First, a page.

Achieving zero vulnerability infrastructure
Know your weaknesses, enhance your strengths.
The threat landscape is an ever-evolving beast. New vulnerabilities emerge every week as attackers change their methods and find new entry points into corporate networks. As long as organisations stick with a reactive approach to cyber security, they will forever be chasing their tails and will never have time for innovation.
Zero vulnerability infrastructure
"An enterprise's best security defence is to work towards achieving a zero vulnerability infrastructure," according to Cornell Titus, Business Development Executive at Khipu Networks.
"While some might argue that this is impossible, we prefer to think of it as an ideology of the impossible. But it has to be a strategic concern in the organisation if it's to be successful."
Having a zero vulnerability infrastructure means understanding that your network suite never operates in isolation but is rather an ecosystem comprising users, endpoints, infrastructure, perimeter security and application usage, with each element informing the next.
Titus clarifies, "Zero vulnerability has proactivity at its core, starting at the pre-attack stage and continuously taking practical steps to stay ahead of attackers. It's not enough to take a snapshot of an environment at a particular point in time and respond to threats when they're already in the network. Enterprises need to adopt a long-term, holistic approach to security, involving user education, network visibility and risk assessment, and taking action at every level to identify vulnerabilities before they cause damage."
There are four key elements to achieving a zero vulnerability infrastructure: assessing risk, educating teams, prioritising vulnerabilities and achieving complete visibility.
1. Risk assessment
"Ignorance is not bliss," says Titus, "especially when it comes to your own vulnerabilities." Starting with a risk assessment helps enterprises establish a baseline model to understand where they're at in terms of their cyber security posture, what threats they face, and what action they need to take.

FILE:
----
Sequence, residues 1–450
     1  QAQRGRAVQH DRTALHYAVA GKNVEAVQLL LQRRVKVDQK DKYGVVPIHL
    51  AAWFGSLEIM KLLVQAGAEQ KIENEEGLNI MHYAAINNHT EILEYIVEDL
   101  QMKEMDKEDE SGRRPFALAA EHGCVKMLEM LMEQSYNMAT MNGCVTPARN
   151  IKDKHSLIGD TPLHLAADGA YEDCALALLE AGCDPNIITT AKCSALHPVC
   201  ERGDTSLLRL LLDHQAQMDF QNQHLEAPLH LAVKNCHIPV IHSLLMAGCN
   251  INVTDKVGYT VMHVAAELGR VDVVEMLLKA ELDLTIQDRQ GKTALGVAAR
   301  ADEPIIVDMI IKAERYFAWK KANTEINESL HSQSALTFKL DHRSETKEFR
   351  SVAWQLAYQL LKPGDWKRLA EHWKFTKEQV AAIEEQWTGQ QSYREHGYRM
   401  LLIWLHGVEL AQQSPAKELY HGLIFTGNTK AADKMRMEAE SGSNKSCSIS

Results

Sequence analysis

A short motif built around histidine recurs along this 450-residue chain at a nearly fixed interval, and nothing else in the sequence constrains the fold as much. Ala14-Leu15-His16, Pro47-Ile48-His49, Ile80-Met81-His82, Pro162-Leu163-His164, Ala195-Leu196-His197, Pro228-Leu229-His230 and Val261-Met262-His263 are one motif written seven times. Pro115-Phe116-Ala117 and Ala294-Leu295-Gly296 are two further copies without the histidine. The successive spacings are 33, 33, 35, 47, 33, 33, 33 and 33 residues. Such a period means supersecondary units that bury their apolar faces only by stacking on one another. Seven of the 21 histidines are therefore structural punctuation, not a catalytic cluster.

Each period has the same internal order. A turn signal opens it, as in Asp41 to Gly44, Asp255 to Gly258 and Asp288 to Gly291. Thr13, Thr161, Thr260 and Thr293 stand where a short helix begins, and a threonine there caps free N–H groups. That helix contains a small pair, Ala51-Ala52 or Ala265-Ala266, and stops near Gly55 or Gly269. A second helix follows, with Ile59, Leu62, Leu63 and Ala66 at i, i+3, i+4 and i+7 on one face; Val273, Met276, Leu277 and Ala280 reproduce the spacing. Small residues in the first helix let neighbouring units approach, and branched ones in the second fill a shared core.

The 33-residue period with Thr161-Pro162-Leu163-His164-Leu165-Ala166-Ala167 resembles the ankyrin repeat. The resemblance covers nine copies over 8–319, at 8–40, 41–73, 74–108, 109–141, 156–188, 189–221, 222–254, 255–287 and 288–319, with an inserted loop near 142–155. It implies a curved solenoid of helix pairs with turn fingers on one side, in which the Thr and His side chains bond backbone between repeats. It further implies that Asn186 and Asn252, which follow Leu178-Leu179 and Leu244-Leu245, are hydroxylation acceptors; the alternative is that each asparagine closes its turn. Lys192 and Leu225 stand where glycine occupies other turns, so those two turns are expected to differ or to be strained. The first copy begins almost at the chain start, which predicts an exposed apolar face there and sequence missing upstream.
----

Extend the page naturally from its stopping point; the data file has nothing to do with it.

By adopting a bottom-up approach to risk assessment, enterprises can scrutinise key elements in the ecosystem to identify holes in their environments, take action to address vulnerabilities and achieve full visibility of the network. "When you know what your vulnerabilities are, you'll know how to stop them," he says.
2. User awareness and education
"Your users are your first and last line of defence. As the most active people on your network, you need to be able to enable access for your mobile workforce while ensuring your infrastructure is protected. This means creating a digitally aware and cyber risk aware culture within the organisation, which requires continuous training and awareness campaigns," says Titus.
Take phishing attacks as an example. Phishing has become the number one vehicle for delivering malware exploits, yet a recent Intel study found that 97% of people can't identify a phishing e-mail.
By running phishing simulations designed to emulate social engineering attacks and understand how users respond to such attacks, enterprises can test their knowledge and follow up with training to improve their security awareness.
Again, when users know what to look for, they're better able to protect themselves - and your network.
3. Prioritise vulnerabilities
A vulnerability assessment, which involves internal and external vulnerability scans, allows enterprises to identify and prioritise their risks, assigning the right teams to fix the issues.
Titus explains, "Too often, enterprises run bi-annual penetration testing or one-time vulnerability scans. The problem with this approach is that they're always playing a catch-up game with attackers, who are always in the lead. And with new vulnerabilities being uncovered every week, they could go months without patching holes. Considering how fast malware like WannaCry spreads throughout the organisation, this is now a very dangerous approach to take."
Comprehensive vulnerability management encompasses automation, scheduling and having access to the latest threat intelligence that allows you to prevent attacks. It involves patching the unpatchable and conceding when it's time to upgrade legacy systems for which there are no patches. It involves targeting workflows to achieve business continuity by focusing on the high-priority risks first.
With all this in place, network visibility naturally follows.
4. Network visibility
Having a complete oversight of your network including what applications are being used, by who, their risk and if malware has breached your environment - is vital to understand your risks and be able to respond to threats in real-time - and even before they happen. This is a continual 24-hour strategic concern. "The advantages of partnering with the right cyber security partner with access to threat intelligence is that they should be able to alert you to new vulnerabilities before they enter the network, allowing your IT team to take remedial action immediately," he says.
"A partner can also identify areas for improvement in your security posture by analysing network traffic and activity at all times and flagging risks that your system could be missing."
Zero vulnerability means having full visibility of your network at all times, understanding who and what is connecting to the network, and the type of traffic flowing in and out. It's about providing secure access to users and putting control back into the hands of the IT team so that they can focus on innovation by consistently improving workflows. It's about partnering with the right solution and managed service provider, who is committed to understanding your unique environment and sticking with you on this journey.
The diagram below illustrates the journey towards a zero vulnerability infrastructure: